Last week, I posted a first article on GWT 2.1.1 RequestFactory, followed a few days later by one on GWT 2.1 Editors (and, as promised in the former, how to use them with RequestFactory). In this article, I'll deal with 3 topics I also promised to tackle: what changed since 2.1.0, how does RequestFactory compares to GWT-RPC, and finally how does it integrates with JSR-303 Bean Validation (feel free to jump directly your section of interest). But first, let's start with something I forgot to talk about in my previous article!
When you're asked to retrieve a domain object from your datastore, you should use at most one instance of a given persisted object (e.g. if you're asked twice for the Person with identifier 1, you should return the same instance each time, or at least instances that live in the same context so that changes to one instance will be persisted when saving another instance representing the same entity). This is causing many incomprehensions. Fortunately, when using JPA or JDO, it's as easy as using a request-scoped transaction.
What's new in 2.1.1
RequestFactory saw its first stable release in GWT 2.1.0. In GWT 2.1.1, the server part was totally rewritten, and the client side was slightly reworked as well. But this is all transparent to the developer, and code that compiled and ran with GWT 2.1.0 should still work with GWT 2.1.1. The following will probably only be useful for people who started using RequestFactory in 2.1.0 and want to know which new things can benefit them.
Features GWT 2.1.1 provides are summed up in the release announcement:
- "A service layer, which includes support for non-static service objects": GWT 2.1.1 introduced the
ServiceLocatorinterfaces, which allow you to, respectively, get rid of the
findXxxstatic method on entities (along with providing ID and version without necessarily using thus-named domain object properties), and instantiate a service class to be able to use instance methods for services.
- "EntityProxy are no longer the only type of proxies you can use on the client-side": GWT 2.1.1 adds the
ValueProxyinterface (and the
BaseProxyinterface that's a common parent for both
- "Multiple methods calls on a single request": in GWT 2.1.0 you could only have a single invocation on a give
fire()it. This limitation has simply been removed.
How does RequestFactory compare to GWT-RPC
The drawback is of course that there's a bit of redundancy (having to re-declare methods on the client-side interface), but on the other hand it brings flexibility and, if you ask me, removing the "must be translatable" constraint is enough to justify it.
It's worth mentionning that the dichotomy actually already existed in GWT-RPC in the service interfaces (synchronous, implemented by your
RemoteServiceServlet, and asynchronous, used on the client-side).
Despite removing the "must be translatable" constraint, RequestFactory comes with a number of limitations regarding the types that can be transported: only primitive types and their boxed classes, enums, strings, dates (
BigDecimal, other proxies, and finally
java.util.Set of any of the above, can be used. RequestFactory doesn't (yet!) support polymorphism (which means you have to use the exact classes I listed above; you cannot for instance declare a property of type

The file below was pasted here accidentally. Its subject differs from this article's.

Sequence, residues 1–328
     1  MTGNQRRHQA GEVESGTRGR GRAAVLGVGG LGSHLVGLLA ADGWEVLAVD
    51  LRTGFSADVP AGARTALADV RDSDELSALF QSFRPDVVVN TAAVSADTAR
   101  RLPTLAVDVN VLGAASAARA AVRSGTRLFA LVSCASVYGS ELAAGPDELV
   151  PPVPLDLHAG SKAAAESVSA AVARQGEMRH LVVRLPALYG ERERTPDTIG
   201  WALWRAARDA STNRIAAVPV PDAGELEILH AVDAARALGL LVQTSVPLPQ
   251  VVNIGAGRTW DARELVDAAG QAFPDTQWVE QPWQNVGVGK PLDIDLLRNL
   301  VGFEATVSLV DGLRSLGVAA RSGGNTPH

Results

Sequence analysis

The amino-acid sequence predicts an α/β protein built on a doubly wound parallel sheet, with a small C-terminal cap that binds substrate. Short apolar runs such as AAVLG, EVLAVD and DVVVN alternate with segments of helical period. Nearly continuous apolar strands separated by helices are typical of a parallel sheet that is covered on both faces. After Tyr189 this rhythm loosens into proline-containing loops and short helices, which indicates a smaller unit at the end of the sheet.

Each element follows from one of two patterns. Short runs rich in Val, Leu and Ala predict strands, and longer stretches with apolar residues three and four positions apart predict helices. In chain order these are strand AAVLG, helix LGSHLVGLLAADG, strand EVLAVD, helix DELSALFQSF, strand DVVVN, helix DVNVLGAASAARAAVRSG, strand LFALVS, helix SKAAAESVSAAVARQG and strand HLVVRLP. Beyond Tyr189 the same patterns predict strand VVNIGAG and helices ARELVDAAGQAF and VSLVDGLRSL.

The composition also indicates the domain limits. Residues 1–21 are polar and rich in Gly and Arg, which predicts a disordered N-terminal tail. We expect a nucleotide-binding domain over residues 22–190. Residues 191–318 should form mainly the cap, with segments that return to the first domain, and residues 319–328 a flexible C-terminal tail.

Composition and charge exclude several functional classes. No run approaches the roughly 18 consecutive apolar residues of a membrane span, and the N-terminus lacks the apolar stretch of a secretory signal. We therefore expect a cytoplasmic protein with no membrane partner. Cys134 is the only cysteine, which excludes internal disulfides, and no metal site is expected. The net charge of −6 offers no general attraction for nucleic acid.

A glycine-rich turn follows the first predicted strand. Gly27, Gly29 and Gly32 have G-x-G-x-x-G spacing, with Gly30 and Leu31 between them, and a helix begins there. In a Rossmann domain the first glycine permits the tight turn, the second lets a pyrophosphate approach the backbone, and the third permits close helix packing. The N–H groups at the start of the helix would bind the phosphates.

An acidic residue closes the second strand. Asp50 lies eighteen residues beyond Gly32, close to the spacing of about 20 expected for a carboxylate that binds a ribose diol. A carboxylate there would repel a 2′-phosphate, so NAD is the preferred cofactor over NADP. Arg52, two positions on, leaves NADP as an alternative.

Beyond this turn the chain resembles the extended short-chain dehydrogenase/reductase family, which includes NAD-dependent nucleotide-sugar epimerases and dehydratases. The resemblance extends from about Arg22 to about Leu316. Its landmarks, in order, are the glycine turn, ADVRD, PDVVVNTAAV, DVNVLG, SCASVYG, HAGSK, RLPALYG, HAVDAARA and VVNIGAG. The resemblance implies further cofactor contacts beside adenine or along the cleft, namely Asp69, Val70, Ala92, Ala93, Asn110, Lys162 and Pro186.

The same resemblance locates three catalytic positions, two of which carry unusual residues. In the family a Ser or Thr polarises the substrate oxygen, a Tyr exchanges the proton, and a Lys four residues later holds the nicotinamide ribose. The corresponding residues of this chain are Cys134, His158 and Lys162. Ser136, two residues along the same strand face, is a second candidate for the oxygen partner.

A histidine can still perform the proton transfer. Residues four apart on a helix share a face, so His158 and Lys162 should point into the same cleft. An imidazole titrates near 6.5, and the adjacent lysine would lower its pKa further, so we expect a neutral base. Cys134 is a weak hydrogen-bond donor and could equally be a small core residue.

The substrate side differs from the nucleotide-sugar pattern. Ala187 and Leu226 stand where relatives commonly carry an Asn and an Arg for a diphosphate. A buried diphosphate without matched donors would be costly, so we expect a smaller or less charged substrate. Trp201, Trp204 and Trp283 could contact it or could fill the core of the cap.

However, because of those limitations, RequestFactory does not use serialization policies computed at compile-time, which means that your client and server code are much more loosely coupled than with GWT-RPC. With RequestFactory, provided the changes were made in a compatible way, you can independently deploy your client and server code, including using DevMode in
-noserver mode against an already deployed application.
Actually, RequestFactory has all the advantages of De-RPC:
- the protocol is JSON-based, which makes deserialization very fast on the browser.
- client and server can use slightly different (but compatible) objects and still communicate (this was probably inspired by Protocol Buffers), which helps with hot-deployment.
- you don't have to compile and deploy your app each time you change a service or domain object to be able to debug using DevMode in the
…and it works on Google AppEngine.
Finally, although the API and concepts are highly different, RequestFactory and its new (in 2.1.1) support for
ValueProxy makes it possible to use it as a general-purpose RPC mechanism, at least to aid in migrating from GWT-RPC, and it's expected that De-RPC will die in favor of RequestFactory (don't worry, GWT-RPC will still be supported, we're only talking here about De-RPC, which never leaved the experimental state).
JSR-303 Bean Validation
When receiving a request to process, the
RequestFactoryServlet applies the operations on the domain objects and validates them before processing any invocation. The default behavior for that validation is to use
javax.validation, and that's why you might see an "
Unable to initialize a JSR 303 Bean Validator" error in your server logs if you do not have a JSR 303 implementation (such as Hibernate Validator) in your classpath, and why you must have the validation API in your classpath for RequestFactory to work, to begin with.
ConstraintViolations are reported on the client side as a set of
Violations to the
onViolation() method of
Receivers. Because validation is done before invocations are processed, all
Receivers for a given
RequestContext will receive the violations, and the default implementation of
onViolation() is to call
onFailure() with a fatal
ServerFailure, which will by result in a
In the next article, I expect to write about the
ServiceLayerDecorators, that is, the internals of the
RequestFactoryServlet, where you can plug your own code to tweak a few things.